Today, like most days, millions and millions and millions of people will be using face masks to keep themselves and others safe.
Many of them will be reusable, but others are disposable.
They’re still necessary, of course, but it does mean more trash in a world that’s already trying to figure out what to do about all the garbage that’s being produced.
There may actually now be a way to put those masks to use again: after they’re done helping us stay healthy, they can help us make new roads.
There have been a lot of efforts in recent years to use recycled materials in roads and sidewalks; we’ve featured some of them on this show before.
The latest one comes from researchers at RMIT University in Melbourne, Australia.
They’ve developed a process that takes one part shredded disposable face-masks and 99 parts recycled concrete aggregate, a processed form of waste concrete and rubble from demolished buildings, and turns them into material for roads.
The masks aren’t merely in there just so that we have somewhere to stick them, by the way; the researchers say the shredded mask material makes the roads more flexible and durable.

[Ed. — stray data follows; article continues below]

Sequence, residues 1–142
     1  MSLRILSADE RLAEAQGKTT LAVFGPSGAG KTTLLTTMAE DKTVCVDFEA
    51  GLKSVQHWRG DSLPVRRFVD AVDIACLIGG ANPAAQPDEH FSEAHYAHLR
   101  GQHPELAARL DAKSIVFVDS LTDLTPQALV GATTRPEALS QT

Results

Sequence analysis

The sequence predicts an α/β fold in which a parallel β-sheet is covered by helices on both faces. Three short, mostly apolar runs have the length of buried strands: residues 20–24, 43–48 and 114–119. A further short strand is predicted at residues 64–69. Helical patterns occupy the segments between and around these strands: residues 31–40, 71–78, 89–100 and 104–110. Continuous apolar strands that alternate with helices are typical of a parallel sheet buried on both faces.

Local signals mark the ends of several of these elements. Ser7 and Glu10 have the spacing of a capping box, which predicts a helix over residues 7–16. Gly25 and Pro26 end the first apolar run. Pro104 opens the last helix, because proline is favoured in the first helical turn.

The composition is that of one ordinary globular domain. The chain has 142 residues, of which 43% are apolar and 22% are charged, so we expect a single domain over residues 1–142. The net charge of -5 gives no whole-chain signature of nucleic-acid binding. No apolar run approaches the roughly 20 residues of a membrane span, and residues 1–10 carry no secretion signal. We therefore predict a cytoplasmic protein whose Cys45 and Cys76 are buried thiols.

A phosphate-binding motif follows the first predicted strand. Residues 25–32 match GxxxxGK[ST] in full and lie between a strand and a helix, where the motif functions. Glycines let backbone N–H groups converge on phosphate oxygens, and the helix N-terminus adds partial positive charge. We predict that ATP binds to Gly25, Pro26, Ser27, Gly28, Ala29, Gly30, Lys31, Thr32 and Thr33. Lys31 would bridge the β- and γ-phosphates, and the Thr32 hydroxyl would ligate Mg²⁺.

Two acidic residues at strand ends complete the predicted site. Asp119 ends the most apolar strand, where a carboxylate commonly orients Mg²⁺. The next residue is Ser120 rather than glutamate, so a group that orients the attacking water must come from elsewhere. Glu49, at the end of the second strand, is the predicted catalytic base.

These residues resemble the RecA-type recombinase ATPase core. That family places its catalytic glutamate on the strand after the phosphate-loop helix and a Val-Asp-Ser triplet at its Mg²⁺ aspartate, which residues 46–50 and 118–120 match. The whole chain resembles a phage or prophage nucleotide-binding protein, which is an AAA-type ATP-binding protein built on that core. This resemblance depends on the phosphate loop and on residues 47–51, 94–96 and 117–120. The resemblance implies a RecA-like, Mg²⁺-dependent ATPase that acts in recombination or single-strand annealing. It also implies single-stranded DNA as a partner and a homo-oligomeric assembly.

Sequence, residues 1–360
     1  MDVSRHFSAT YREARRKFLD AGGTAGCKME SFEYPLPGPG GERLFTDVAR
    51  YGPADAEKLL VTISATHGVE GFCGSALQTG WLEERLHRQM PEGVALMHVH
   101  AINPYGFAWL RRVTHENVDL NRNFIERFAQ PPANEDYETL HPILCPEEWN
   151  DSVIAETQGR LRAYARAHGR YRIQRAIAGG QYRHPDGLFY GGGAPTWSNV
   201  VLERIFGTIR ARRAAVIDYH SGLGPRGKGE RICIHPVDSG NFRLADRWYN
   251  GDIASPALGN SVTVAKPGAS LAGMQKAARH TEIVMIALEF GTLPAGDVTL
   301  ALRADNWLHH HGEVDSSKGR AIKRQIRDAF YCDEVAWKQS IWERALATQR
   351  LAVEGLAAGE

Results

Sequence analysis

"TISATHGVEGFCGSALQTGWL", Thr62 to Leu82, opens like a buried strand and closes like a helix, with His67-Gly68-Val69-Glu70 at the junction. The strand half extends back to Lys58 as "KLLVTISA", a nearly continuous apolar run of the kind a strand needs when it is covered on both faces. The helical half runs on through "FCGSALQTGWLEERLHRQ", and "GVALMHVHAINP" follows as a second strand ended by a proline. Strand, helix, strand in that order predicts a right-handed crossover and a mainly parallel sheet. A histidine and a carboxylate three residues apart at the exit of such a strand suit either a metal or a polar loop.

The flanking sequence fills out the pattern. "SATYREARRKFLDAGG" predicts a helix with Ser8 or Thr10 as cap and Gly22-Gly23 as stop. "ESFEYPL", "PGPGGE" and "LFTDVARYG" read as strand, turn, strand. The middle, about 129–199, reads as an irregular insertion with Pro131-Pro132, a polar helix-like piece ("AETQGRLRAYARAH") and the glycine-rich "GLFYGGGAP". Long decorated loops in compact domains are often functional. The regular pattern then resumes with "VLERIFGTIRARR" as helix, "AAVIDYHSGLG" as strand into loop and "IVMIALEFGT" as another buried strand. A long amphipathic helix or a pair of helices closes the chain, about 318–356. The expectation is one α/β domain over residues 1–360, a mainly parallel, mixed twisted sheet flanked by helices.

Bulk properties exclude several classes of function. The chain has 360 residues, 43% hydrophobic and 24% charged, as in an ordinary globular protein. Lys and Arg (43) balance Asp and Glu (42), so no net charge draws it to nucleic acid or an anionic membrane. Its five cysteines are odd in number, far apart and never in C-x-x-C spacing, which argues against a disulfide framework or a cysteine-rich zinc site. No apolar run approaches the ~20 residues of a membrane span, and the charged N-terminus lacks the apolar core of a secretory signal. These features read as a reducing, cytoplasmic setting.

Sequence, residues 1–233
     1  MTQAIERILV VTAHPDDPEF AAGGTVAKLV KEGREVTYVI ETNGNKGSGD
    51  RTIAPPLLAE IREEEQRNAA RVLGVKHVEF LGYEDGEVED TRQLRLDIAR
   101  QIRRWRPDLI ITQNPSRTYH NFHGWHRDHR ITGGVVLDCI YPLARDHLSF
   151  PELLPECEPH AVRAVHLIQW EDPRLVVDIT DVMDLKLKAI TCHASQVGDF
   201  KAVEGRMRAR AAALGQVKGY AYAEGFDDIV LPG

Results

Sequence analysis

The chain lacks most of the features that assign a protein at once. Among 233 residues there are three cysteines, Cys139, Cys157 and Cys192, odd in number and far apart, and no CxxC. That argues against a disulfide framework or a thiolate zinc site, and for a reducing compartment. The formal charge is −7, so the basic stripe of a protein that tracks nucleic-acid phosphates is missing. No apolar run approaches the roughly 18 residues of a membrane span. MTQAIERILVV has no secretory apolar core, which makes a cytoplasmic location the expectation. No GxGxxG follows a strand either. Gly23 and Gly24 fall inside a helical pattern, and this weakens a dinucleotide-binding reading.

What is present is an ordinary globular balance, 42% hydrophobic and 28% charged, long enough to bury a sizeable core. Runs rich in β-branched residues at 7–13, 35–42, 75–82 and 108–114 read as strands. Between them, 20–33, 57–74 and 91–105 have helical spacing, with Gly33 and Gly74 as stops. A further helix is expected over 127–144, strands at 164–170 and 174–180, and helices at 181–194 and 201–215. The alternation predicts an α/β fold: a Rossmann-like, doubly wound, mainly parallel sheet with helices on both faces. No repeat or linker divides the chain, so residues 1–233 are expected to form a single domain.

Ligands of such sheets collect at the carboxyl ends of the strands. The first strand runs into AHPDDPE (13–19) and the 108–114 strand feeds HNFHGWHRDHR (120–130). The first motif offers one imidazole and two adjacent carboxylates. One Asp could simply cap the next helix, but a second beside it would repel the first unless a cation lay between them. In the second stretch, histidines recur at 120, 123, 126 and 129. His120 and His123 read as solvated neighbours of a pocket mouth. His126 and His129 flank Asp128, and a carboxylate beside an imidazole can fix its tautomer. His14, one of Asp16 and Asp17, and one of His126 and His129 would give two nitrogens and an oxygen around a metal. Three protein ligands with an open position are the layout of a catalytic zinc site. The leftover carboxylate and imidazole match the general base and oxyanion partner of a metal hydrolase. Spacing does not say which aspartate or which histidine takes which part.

Making a two lane road that’s one kilometer long with this process requires three million masks.
But, for one thing, doing so keeps 93 tons of material out of landfills, and, for another, I’m pretty sure we have that many used masks available.
Today is National Pizza Day, and if you’re looking to share a pie with someone today, here’s a fun fact: according to geometry you don’t have to cut the pizza through the middle to make equal slices.
Pick pretty much any point on the pizza, cut it four times at equal angles and then take alternating slices.
Or you could just let the pizza place cut the slices for you.
Used face masks can make roads: Aust study (The West Australian)
The Pizza Theorem (Futility Closet)
Face mask photo by Ivan Radic via Flickr/Creative Commons